My (hopefully) next step is to find a way to make the entire project available for download online. The manual was published online through my university, but I would have been required to pay a fee to make the full version free to potential consumers. For now, I look into alternatives. If anyone knows of a way to do this, or knows of a university that might be interested in implementing the manual, please contact me. When it comes to graduate school, if something is not a challenge, then it is probably not worth pursuing.

So You’ve Decided To Get A Job

It took about 30 seconds after I got accepted into my graduate program for my excitement to turn into panicked thoughts of “How the **** am I going to pay for this?” Obviously I did not think this through as well as I could have – see my post “So You’ve Decided To Take Out Student Loans.” I realized almost immediately that, even with taking out the maximum I was allowed in loans, I had about a $7,000 gap between my budget and my expenses. Higher education is a luxury in the United States, and luxuries require an income. So I decided to get a job. I have had many jobs as a graduate student, and so today I will focus on the employment I used to survive my first year.

Whenever possible, if you are taking time away from the 10,000 things you are supposed to be doing as a graduate student, you want that time to be worthwhile. In a perfect world, you will receive an outpouring of highly paid, flexible clinical jobs that work around your class schedule and make nice lines on your CV. If you pulled off this feat, please contact me so that you can write a guest post, because you clearly are better at this grad school thing than I am.

Back to my reality. Shortly after receiving my acceptance and deposit, my program was kind enough to send me a packet that was over 30 pages of clinical positions in the Hartford area. I spent two weeks calling and emailing every clinic, hospital, and research facility they had sent me. Approximately 75% of the sites never got back to me. The other 25% were either confused as to why I thought they were hiring, not interested in someone who had no Masters degree and no prior field-related work experience, or gave me the age-old brush off of “We’ll keep your CV on file and get back to you if something opens up.” I prepared for my move with no idea if I would be able to afford more than the first semester.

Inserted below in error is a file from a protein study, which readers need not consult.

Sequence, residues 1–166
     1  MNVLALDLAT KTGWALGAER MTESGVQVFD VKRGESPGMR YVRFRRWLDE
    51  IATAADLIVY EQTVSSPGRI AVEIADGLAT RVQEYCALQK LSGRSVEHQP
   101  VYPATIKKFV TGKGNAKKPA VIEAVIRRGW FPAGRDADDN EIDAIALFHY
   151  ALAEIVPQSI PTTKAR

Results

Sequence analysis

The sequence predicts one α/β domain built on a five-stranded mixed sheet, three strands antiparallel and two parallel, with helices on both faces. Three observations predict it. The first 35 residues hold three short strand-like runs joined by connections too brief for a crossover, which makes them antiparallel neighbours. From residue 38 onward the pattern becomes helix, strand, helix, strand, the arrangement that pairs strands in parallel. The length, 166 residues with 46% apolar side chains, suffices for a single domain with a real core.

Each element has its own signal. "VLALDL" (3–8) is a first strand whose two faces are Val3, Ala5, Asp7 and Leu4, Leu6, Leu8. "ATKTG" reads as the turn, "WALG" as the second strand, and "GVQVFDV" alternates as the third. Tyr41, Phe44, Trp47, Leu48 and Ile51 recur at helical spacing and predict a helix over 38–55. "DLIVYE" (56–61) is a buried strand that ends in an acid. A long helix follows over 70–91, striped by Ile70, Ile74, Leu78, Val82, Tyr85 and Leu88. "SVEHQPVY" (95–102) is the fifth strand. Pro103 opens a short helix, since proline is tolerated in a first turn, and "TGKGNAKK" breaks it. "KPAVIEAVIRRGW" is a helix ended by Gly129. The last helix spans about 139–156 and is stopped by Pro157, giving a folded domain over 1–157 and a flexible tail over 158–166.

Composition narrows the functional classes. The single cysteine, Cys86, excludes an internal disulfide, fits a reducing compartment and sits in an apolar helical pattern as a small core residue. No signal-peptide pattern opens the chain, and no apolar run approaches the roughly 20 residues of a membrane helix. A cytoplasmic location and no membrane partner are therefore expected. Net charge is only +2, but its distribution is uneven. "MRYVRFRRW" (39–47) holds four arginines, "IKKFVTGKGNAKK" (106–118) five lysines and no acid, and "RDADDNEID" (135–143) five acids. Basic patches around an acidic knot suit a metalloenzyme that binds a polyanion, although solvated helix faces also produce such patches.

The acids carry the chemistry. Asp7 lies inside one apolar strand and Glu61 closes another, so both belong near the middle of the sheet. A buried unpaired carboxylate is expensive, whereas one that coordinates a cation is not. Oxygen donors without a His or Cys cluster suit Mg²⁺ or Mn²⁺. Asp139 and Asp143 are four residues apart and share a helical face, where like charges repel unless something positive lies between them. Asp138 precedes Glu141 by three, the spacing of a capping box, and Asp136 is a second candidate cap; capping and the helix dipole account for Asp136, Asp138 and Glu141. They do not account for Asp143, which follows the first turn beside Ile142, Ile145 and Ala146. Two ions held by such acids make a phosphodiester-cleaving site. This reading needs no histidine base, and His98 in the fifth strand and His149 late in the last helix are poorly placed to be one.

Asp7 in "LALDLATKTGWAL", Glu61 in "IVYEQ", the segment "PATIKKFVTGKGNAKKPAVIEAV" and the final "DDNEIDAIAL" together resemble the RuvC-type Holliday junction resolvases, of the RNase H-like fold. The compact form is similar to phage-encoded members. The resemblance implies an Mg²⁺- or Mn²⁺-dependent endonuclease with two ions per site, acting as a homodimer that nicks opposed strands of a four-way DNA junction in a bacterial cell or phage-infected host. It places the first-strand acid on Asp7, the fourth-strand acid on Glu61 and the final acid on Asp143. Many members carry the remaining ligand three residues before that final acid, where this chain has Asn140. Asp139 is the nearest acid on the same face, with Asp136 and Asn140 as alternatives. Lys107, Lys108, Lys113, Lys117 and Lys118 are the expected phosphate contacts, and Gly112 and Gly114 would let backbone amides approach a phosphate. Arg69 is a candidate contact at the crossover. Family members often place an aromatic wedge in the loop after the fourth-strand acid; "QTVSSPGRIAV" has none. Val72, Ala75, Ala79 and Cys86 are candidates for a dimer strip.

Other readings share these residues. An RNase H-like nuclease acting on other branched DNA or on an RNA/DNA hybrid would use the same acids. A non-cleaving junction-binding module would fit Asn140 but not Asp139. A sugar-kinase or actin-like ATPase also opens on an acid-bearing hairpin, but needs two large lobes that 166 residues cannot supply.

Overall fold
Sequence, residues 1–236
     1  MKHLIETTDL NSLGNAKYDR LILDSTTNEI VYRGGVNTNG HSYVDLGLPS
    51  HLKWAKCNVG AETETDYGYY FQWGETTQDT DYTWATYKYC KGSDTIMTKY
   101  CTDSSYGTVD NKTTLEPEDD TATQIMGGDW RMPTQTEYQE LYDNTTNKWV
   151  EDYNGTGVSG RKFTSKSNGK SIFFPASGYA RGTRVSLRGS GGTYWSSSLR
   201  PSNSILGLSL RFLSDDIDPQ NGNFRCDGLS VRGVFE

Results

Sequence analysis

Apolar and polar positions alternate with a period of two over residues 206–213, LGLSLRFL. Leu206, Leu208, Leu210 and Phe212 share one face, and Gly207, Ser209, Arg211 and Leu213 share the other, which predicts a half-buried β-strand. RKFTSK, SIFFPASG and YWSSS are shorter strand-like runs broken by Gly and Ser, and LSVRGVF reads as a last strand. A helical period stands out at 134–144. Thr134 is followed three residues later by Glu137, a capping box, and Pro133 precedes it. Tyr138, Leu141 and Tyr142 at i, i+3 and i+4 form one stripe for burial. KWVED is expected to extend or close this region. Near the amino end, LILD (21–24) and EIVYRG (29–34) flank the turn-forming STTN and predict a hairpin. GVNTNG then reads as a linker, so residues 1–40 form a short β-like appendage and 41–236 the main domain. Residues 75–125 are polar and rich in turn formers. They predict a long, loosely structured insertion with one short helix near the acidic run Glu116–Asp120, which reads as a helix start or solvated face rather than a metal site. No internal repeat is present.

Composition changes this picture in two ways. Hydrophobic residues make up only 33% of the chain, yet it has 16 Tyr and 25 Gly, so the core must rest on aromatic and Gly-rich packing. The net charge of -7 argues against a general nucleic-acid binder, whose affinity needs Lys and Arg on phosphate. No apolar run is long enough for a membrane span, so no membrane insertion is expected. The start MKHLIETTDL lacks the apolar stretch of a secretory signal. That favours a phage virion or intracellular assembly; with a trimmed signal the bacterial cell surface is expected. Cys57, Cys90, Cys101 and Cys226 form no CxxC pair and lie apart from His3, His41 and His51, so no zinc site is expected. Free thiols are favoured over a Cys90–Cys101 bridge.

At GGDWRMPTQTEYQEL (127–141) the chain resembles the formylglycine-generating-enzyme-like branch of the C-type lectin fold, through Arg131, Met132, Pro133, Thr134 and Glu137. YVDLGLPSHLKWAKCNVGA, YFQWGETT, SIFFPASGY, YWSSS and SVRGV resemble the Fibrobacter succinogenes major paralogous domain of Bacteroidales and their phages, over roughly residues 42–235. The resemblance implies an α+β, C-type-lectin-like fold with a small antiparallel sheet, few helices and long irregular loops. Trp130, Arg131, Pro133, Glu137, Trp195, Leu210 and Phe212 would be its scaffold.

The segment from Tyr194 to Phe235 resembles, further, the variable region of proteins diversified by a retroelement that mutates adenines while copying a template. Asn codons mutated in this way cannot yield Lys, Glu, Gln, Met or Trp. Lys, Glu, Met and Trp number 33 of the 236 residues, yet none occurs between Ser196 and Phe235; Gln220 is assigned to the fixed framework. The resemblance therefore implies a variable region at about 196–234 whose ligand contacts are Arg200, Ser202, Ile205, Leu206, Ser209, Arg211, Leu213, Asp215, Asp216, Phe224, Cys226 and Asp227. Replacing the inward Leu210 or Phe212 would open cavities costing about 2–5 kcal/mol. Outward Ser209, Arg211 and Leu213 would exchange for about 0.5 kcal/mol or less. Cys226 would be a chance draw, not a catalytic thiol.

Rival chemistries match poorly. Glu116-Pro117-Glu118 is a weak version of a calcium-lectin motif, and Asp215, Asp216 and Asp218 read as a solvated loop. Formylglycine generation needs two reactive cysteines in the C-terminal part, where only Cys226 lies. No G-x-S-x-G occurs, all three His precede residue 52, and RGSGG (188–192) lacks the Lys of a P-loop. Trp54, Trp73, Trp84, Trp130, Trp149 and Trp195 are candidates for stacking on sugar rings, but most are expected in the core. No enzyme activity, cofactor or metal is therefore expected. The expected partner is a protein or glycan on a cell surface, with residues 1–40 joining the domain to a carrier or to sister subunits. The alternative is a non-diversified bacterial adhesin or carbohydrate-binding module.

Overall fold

About two weeks after the semester started, I gave up my search for a clinical job. The only lead that would take me seriously was a volunteer position that actually required me to pay them for the training involved. It would have been great for my resume but horrible for my checking account. (If you can afford to volunteer in your field in order to build up enough experience for a paid position, be my guest, but like graduate school, volunteer work is a luxury.) As an undergraduate, I spent two years working as an usher for my school’s theater department to help curb expenses, so I contacted a local theater and was hired almost immediately. It wasn’t a psychology job, but my rent checks cleared. I loved my co-workers, and the benefits were pretty fantastic for a part-time job (free theater tickets plus admission to donor galas with free food and an open bar), and I got to meet Kate Mulgrew, but we were often short-staffed, so I kept being scheduled almost double what I had committed to. I also had to pay for parking in the garage every time I had a shift, and about once per week I was given a short shift where most of my income went into the gas to getting there and the parking, so I came home with almost nothing. Meanwhile, the over-scheduling was making it difficult to complete my school work. I had been assigned a group project, and I could not find time to meet with my classmates. That is the Catch-22 of higher education: Unless you are independently wealthy, you have to work so much to pay for everything that you do not have time to fulfill your student responsibilities.